Alejandro Chehtman

Alejandro Chehtman

Fellow
Alejandro  Chehtman

Alejandro Chehtman is Associate Professor at the Law School of the University Torcuato Di Tella and a Fellow at the Argentine National Research Council (CONICET). He is also co-Director of the Supreme Court Project at UTDT and CONICET Fellow at the Universidad de Girona (Spain). He studied Law at the University of Buenos Aires, where he graduated with honors, and did his MSc in Political Theory and his PhD in Law at the LSE. His main research interests are Public International Law, International Criminal Law, International Humanitarian Law, and Constitutional Law, with special interest in philosophical and empirical issues. Alejandro has published articles in leading peer-reviewed journals, such as the European Journal of International Law, Legal Theory, Journal of International Criminal Justice,  Law & Philosophy y Stanford Journal of International Law. His book, The Philosophical Foundations of Extraterritorial Punishment, was published by Oxford University Press.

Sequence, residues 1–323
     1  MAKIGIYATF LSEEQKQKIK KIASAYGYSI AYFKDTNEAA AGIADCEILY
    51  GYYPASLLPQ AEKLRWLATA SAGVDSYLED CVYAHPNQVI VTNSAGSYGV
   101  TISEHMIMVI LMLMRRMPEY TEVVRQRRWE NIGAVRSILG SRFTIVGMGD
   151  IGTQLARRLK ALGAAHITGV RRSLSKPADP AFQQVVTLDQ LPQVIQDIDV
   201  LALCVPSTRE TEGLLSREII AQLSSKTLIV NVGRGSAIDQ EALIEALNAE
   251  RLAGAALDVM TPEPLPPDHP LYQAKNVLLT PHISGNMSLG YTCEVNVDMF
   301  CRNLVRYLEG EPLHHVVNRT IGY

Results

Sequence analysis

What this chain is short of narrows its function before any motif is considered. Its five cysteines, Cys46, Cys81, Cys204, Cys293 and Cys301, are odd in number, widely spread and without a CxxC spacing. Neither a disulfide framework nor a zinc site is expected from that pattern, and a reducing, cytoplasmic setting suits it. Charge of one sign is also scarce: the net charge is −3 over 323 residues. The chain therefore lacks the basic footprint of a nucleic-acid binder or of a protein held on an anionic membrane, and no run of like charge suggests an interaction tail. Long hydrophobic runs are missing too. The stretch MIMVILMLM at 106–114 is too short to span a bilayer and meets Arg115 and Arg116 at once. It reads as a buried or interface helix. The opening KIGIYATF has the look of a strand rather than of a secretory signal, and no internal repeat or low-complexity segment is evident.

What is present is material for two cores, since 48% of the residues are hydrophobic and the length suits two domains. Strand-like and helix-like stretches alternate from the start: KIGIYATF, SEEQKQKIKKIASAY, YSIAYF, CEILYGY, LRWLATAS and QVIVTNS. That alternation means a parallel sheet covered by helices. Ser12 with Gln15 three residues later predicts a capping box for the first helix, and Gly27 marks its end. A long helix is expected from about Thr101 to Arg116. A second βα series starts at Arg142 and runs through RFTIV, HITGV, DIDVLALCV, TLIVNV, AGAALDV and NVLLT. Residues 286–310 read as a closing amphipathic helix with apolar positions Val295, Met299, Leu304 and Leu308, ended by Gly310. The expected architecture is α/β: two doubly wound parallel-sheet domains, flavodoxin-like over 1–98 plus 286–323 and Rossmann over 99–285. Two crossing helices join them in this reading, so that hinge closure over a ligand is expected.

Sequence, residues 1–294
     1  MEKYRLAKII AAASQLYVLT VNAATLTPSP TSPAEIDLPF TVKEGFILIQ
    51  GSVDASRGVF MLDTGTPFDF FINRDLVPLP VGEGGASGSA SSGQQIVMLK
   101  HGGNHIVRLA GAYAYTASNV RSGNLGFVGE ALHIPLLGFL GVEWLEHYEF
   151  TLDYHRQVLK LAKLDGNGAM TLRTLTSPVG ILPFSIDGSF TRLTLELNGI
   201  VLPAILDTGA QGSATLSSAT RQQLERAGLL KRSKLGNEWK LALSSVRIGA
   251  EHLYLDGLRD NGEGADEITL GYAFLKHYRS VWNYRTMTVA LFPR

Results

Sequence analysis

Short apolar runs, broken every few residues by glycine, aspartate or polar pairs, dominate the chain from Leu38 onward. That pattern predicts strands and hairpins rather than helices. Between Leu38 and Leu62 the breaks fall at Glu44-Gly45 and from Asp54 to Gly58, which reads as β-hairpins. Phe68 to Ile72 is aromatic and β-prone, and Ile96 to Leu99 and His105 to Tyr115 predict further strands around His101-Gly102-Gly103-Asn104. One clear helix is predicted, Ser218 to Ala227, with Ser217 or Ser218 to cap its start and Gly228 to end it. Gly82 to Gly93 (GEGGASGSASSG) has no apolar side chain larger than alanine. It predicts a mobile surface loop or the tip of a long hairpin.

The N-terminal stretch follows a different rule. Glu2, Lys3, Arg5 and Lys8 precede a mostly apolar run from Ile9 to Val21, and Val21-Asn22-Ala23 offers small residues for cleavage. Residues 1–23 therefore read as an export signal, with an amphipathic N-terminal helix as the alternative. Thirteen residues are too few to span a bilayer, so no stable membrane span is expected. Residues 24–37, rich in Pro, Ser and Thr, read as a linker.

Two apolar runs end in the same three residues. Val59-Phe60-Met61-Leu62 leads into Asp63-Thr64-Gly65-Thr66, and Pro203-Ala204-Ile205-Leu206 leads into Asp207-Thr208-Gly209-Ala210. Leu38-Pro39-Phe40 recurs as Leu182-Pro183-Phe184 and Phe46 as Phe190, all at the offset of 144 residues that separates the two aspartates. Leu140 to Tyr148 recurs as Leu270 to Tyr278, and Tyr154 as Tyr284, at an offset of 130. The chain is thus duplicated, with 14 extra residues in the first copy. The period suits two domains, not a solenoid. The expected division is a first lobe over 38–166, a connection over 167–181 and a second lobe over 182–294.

Before coming to Di Tella, Dr Chehtman clerked at the Federal Appeals Chamber for Criminal Matters, and worked at the Public Defence Office in Buenos Aires. He was a Fellow at the Law Department at LSE between 2006-9, Research Associate to the Center for International Courts and Tribunals, at UCL, between 2008-11, and a Marie Curie Fellow at the Faculty of Law at UCL 2014-5.
 
He is currently part of the Research Panel at Matrix Chambers, London, and a member of Project on International Courts and Tribunals.
 

Research
Alejandro will be working on two projects while at Harvard. He will be writing a piece on the "Constitutionalization of Human Rights in Latin America" for the Oxford Handbook of Latin American Constitutionalism (solicited piece) and working on his second book, A Theory of Asymmetrical Conflicts, under contract with Oxford University Press. This book explores how asymmetrical tactics, new weapons, and contemporary participants challenge the standard framework of the laws of armed conflict and propose a normatively defensible and practically feasible framework to address them.